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McLeroy accused of hostility to science education and religious tolerance


In a press release dated August 7, 2007, the Texas Freedom Network accused Don McLeroy, who recently was appointed as the new chair of the Texas state Board of Education, of harboring "a shocking hostility to both sound science education and religious tolerance." TFN's charge was based on the transcript of a 2005 talk McLeroy gave at Grace Bible Church in Bryan, Texas, on the debate over teaching evolution and "intelligent design." "This recording makes clear the very real danger that Texas schoolchildren may soon be learning more about the religious beliefs of politicians than about sound science in their biology classes," TFN President Kathy Miller said. "Even worse, it appears that Don McLeroy believes anyone who disagrees with him can't be a true Christian."

A member of the board for the last eight years, McLeroy was recently described by the Dallas Morning News (July 18, 2007) as "aligned with social conservative groups known for their strong stands on evolution, sexual abstinence and other heated topics covered in textbooks" and as "[o]ne of four board members who voted against current high school biology books because of their failure to list weaknesses in the theory of evolution." Discussing that vote in his 2005 talk, McLeroy lamented that the other board members were not swayed by "all the arguments made by all the intelligent design group, all the creationist intelligent design people," adding, "It was only the four really conservative, orthodox Christians on the board [who] were willing to stand up to the textbooks and say they don’t present the weaknesses of evolution. Amazing."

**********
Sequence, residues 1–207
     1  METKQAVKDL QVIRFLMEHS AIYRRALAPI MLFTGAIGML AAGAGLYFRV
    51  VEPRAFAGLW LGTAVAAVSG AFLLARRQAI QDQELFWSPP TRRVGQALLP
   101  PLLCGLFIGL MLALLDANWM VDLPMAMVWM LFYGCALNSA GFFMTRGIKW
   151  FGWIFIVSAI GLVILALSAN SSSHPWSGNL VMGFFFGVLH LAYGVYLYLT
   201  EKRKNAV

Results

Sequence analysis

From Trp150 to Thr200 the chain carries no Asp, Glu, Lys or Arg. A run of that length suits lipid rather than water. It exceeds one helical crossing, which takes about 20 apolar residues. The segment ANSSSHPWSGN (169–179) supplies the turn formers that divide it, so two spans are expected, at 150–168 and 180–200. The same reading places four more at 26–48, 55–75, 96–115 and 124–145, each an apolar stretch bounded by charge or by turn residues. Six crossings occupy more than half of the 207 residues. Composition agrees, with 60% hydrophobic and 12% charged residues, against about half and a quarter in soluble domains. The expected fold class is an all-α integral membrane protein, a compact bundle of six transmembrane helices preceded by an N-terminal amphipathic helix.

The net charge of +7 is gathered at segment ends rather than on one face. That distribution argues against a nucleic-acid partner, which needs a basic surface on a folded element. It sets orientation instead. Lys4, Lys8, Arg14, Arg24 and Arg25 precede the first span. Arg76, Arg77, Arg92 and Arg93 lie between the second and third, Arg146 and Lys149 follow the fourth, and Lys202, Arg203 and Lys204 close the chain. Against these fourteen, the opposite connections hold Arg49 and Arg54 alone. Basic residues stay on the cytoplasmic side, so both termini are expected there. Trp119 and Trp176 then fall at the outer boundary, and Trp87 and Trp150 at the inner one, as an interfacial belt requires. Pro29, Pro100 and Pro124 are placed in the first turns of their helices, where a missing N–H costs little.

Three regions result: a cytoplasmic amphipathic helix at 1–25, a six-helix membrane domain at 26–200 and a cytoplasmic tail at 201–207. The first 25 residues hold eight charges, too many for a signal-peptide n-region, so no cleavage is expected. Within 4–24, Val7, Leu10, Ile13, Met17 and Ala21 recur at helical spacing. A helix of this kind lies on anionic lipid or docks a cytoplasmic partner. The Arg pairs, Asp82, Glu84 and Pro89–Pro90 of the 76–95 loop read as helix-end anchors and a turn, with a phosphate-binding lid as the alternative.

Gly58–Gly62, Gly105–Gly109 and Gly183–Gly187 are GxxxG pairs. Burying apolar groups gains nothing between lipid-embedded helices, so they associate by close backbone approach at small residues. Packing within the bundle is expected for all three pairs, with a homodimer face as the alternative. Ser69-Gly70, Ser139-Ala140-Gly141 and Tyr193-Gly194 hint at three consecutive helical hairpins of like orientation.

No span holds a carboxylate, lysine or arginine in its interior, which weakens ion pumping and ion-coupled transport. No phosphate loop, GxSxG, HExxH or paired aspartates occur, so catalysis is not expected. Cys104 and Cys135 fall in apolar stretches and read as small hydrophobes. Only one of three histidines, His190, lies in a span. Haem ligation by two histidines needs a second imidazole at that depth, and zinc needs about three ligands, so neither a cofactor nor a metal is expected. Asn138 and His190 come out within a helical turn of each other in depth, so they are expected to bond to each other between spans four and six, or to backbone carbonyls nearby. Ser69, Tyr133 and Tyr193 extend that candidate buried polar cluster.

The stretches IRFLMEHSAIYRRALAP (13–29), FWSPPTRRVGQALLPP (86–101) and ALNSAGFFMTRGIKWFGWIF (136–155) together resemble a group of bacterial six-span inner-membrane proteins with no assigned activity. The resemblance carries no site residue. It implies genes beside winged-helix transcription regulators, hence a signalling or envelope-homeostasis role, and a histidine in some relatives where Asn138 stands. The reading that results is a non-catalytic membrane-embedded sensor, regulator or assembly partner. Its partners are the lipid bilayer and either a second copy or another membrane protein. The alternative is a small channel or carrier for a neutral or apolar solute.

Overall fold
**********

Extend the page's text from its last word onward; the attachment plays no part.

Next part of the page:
Following Phillip Johnson, in his talk McLeroy portrayed "intelligent design" as a "big tent," explaining, "It's because we're all lined up against the fact that naturalism, that nature is all there is. Whether you're a progressive creationist, recent creationist, young earth, old earth, it's all in the tent of intelligent design." He urged his listeners, biblical inerrantists like himself, "to remember, though, that the entire intelligent design movement as a whole is a bigger tent. ... just don't waste our time arguing with each other about some of the, all of the side issues." Yet he described theistic evolution -- which is opposed to naturalism -- as "a very poor option," continuing, "no one in our group represents theistic evolution, and the big tent of intelligent design does not include theistic evolutionists. Because intelligent design is opposed to evolution. Theistic evolutionists embrace it."

"McLeroy's statements during his lecture are particularly insulting to Roman Catholics and millions of other Christians who see no conflict between their religious faith and accepting the science behind evolution," TFN's Kathy Miller commented. "Texas parents should be very concerned that the governor chose an anti-science, religious ideologue to lead the state body that sets policy for our public schools. ... He might as well have put up a sign that said, 'Only my kind of Christian need apply.'" Texans are currently bracing for a new round of antievolution activity aimed at undermining the treatment of evolution in the state science standards (the Texas Essential Knowledge and Skills, or TEKS), to which textbooks submitted for adoption in Texas are required to conform.